The best kittens, technology, and video games blog in the world.

Friday, October 18, 2013

Akrasia Theory and Beeminder update

risky game by mathias-erhart from flickr (CC-SA)

So this post will be about two only loosely related things - some problems with akrasia theory and my Beeminder status update.

Akrasia Theory

First, akrasia theory. The theoretical underpinning of it is that humans and animals for that matter use "incorrect" and time-inconsistent hyperbolic discounting instead of much more "correct" and time-consistent exponential discounting.

This is extremely problematic from evolutionary point of view - since any animal that moves even one bit closer towards "correct" discounting models could be massively more successful than ones that use "incorrect" models.

There's a bunch of ways to deal with this issue. A hopefully exhaustive list would be:
  1. Exponential discounting is more correct, but brains cannot implement exponential discounting even in principle
  2. Exponential discounting is more correct, brains can implement exponential discounting in principle, and it would be major evolutionary advantage, but in never evolved yet
  3. Exponential discounting is more correct, brains can implement exponential discounting in principle, but it wouldn't bring major evolutionary advantage
  4. Hyperbolic discounting is more correct
The first of these is just extremely problematic. Bounded rationality is fine, but exponential discounting is mathematically extremely simple, and it's hard to come up with any argument why it would be even tiny bit more complicated or difficult to implement than hyperbolic discounting - something even tiniest animal brains seem to have no problems with. Hyperbolic discounting has a small advantage that natural scale for most things is logarithmic, not linear, but we can think about linear scales if we want to. What's worse - if we accept that linear scales are impossible to think with, that completely destroys any chance of game theory or any other mathematical theory of mind working - and nearly 100% of things evolutionary psychology postulates are far more complex than that, so we'd have to reject them all a priori (I'm quite willing to reject most of them for this reason anyway, but not to such extreme).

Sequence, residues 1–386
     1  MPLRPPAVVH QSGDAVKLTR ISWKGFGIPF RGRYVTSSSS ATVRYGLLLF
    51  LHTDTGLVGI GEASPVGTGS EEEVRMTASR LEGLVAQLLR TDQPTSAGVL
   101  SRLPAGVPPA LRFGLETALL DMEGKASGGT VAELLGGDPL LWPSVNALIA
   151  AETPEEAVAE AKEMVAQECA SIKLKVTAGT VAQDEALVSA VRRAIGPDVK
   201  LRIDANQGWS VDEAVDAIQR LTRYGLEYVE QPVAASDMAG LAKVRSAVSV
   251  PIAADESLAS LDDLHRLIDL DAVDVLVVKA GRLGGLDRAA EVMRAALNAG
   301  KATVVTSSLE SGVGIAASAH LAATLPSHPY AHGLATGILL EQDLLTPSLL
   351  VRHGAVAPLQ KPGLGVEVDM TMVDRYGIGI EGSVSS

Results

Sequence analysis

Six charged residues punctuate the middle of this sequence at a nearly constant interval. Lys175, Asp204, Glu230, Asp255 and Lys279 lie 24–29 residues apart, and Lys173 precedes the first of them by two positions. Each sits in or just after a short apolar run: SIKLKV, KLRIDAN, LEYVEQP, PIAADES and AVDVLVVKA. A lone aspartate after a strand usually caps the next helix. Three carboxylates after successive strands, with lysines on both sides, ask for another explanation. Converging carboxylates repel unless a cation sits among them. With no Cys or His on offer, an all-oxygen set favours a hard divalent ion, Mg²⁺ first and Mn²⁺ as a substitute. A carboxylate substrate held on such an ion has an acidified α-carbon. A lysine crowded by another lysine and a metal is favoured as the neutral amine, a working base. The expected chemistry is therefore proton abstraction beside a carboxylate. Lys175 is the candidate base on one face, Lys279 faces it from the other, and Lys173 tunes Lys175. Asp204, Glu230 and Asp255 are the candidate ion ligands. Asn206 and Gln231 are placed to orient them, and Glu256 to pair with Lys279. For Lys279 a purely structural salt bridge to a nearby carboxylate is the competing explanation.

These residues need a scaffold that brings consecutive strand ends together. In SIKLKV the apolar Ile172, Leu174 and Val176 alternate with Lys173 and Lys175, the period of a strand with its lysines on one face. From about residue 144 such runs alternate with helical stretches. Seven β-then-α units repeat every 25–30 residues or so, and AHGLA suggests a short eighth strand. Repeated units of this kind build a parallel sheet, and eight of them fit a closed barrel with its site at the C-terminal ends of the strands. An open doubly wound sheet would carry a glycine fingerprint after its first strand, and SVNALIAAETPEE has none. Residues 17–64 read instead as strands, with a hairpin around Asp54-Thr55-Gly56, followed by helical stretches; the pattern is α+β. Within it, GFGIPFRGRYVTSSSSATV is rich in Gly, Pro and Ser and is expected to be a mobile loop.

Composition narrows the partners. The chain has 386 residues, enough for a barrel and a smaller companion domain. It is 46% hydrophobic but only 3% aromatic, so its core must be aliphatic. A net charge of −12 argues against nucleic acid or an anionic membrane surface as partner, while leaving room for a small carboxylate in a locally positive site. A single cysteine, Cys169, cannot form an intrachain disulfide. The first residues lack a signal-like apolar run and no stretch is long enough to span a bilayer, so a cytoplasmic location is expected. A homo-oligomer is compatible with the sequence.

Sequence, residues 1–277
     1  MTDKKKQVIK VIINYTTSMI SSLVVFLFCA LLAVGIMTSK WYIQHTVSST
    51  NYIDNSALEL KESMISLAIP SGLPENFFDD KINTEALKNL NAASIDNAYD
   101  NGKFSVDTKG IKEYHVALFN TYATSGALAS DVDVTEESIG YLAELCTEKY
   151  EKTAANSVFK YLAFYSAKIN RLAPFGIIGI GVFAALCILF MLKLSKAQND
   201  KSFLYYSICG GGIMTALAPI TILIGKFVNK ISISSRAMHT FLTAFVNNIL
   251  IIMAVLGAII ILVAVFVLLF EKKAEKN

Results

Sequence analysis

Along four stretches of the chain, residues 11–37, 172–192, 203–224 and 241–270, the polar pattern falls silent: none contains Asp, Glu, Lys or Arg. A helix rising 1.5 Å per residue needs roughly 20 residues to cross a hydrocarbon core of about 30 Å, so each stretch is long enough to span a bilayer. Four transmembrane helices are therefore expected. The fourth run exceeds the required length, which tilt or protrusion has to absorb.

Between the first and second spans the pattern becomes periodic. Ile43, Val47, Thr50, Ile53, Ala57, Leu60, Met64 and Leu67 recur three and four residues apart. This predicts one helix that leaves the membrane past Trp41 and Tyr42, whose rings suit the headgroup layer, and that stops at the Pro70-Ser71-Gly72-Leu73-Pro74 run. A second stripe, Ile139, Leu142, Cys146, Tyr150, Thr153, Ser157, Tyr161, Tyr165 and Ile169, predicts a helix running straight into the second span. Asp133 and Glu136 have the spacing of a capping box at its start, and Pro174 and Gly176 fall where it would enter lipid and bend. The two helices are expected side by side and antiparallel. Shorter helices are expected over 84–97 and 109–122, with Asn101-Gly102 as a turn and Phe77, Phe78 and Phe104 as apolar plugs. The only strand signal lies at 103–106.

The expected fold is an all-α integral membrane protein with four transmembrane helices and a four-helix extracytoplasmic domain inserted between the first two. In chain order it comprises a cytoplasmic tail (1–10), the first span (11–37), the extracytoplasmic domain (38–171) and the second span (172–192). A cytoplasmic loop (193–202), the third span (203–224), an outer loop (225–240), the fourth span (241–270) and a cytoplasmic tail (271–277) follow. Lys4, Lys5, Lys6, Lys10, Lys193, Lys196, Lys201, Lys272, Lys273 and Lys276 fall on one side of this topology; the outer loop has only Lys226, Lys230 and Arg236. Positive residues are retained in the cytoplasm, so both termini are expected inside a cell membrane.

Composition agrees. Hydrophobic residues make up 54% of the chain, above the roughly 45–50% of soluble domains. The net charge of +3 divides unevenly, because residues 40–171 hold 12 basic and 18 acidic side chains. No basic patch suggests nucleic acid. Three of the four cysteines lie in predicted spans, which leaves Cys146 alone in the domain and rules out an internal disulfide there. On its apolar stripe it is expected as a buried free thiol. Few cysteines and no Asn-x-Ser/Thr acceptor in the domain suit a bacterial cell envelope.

The second alternative is actually somewhat promising, since we know of huge number of extremely successful evolutionary traits that evolved only once, even though nothing obvious prevented them from evolving much earlier. Like basically everything humans do. Even simple things like ability to synthesize all essential vitamins is entirely possible in principle, and it would be advantageous to organisms that lost it (which is all animals, pretty much) - but once organisms lost such ability, they never regain it. Still, it would really deserve some explanation why this is a particularly difficult thing to evolve into, and it's hard to come up with any.